Another wiring task I took on prior to the Tortoise blitz was installing a remote Short Circuit panel. This feeds off of the PSX circuit breakers that split the layout into separate power districts. As I could not determine a good local location for each short circuit indicator LED ( I do not have local control panels), I decided to centralize them and install them above the backdrop in the central peninsula. This makes them visible from about 80% of the layout. I might still run another local LED over to the paper mill sections as they are visually behind this indicator board. But this is better than walking over to the DCC shelf to look for the warning LED on the circuit board. I built the panel out of styrene, making a small box. I ran the wires as a bus from the circuit boards and used regular LEDS from Radio Shack in plastic mounts. I printed the background on my computer using a drawing program and setting the background to black with white text. Here is a look at the panel:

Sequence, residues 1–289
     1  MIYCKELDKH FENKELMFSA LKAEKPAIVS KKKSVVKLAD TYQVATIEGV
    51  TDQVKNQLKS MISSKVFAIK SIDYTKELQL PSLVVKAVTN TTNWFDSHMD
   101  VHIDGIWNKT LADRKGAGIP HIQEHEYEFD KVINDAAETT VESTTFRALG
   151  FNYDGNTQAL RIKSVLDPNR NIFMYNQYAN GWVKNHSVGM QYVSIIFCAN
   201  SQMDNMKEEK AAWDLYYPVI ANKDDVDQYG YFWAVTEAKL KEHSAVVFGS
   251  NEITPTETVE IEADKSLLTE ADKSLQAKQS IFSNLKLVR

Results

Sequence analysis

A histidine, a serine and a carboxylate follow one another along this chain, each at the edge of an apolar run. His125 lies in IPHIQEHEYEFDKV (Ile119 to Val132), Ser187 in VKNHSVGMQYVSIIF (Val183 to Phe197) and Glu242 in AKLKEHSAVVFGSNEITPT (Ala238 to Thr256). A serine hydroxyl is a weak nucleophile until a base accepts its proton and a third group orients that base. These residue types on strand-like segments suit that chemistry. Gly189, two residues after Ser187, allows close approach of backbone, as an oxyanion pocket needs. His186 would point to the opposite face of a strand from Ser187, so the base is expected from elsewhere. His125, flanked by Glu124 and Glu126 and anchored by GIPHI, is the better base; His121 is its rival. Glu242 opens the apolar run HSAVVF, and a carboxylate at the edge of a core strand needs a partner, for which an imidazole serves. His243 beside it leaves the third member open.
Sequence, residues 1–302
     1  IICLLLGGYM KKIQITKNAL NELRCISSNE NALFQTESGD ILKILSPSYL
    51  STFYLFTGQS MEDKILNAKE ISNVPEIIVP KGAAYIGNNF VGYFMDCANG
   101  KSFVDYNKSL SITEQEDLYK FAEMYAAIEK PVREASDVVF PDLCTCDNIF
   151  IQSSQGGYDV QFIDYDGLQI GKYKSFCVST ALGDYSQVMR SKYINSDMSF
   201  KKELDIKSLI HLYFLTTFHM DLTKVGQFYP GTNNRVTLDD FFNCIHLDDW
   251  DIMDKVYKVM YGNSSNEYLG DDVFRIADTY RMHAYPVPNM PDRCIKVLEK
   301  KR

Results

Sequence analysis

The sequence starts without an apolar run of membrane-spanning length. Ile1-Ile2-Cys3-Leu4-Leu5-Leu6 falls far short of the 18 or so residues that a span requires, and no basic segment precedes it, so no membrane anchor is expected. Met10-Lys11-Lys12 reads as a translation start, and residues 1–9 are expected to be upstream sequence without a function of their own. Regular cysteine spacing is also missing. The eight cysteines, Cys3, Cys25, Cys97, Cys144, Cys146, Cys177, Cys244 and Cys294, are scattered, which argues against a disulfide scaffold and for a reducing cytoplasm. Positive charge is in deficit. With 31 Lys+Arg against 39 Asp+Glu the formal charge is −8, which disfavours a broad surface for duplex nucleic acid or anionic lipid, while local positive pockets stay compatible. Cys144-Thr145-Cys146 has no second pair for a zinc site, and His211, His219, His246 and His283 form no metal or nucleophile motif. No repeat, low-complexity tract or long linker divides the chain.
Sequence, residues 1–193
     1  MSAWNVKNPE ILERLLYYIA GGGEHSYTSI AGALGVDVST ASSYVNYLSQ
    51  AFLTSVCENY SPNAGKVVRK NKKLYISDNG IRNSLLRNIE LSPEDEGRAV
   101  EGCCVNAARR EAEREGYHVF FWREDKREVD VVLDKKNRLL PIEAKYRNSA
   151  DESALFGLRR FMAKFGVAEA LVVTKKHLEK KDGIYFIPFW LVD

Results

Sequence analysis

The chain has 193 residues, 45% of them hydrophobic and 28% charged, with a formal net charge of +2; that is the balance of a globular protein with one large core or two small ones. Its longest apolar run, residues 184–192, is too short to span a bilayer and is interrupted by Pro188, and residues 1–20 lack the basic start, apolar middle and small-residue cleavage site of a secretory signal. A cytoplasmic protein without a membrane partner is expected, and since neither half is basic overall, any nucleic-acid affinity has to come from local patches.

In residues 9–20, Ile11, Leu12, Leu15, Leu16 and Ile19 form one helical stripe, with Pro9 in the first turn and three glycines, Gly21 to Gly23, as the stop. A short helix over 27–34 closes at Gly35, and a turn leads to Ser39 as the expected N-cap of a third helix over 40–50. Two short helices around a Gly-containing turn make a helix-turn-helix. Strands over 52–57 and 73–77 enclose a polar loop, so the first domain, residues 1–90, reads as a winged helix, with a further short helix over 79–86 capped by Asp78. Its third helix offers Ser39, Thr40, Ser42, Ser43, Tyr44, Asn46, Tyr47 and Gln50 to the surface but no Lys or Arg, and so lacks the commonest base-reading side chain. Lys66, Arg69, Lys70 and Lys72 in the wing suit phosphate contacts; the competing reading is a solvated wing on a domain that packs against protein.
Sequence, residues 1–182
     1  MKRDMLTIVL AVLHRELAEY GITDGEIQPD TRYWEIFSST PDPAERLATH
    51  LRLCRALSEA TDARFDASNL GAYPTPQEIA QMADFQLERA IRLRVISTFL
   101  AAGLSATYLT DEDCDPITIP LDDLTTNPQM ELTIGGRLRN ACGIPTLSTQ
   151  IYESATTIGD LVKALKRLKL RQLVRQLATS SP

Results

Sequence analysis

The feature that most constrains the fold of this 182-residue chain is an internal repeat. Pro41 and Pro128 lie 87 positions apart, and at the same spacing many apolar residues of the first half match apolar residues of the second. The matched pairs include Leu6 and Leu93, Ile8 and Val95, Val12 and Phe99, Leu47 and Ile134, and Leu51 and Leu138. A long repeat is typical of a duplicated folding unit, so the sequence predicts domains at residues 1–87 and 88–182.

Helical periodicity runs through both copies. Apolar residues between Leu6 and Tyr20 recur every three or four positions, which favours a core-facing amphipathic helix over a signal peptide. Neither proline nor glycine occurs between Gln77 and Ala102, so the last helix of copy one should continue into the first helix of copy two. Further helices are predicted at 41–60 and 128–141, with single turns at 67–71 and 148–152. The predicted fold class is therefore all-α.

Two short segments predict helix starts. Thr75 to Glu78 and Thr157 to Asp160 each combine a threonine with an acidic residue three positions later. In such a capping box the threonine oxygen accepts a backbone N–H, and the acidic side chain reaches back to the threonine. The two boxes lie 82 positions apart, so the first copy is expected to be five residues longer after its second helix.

I plan to build some more panels like this to show turnout positions as well as track occupancy lights for some of the hidden tracks on the layout. I picked up a few IR detectors from Boulder Creek Engineering to install on the
Work on phase 3 has been progressing nicely since I started construction back in August. I have all of the benchwork and mainline track in place prior to the open houses in November, so I was able to run the trains on this section. This was also the debut of the U18Bs and they performed quite well (operationally and sound wise). I’ll give an update in a lnear fashion, moving from the existing layout area starting at Gilman and finishing up at the other end of the room.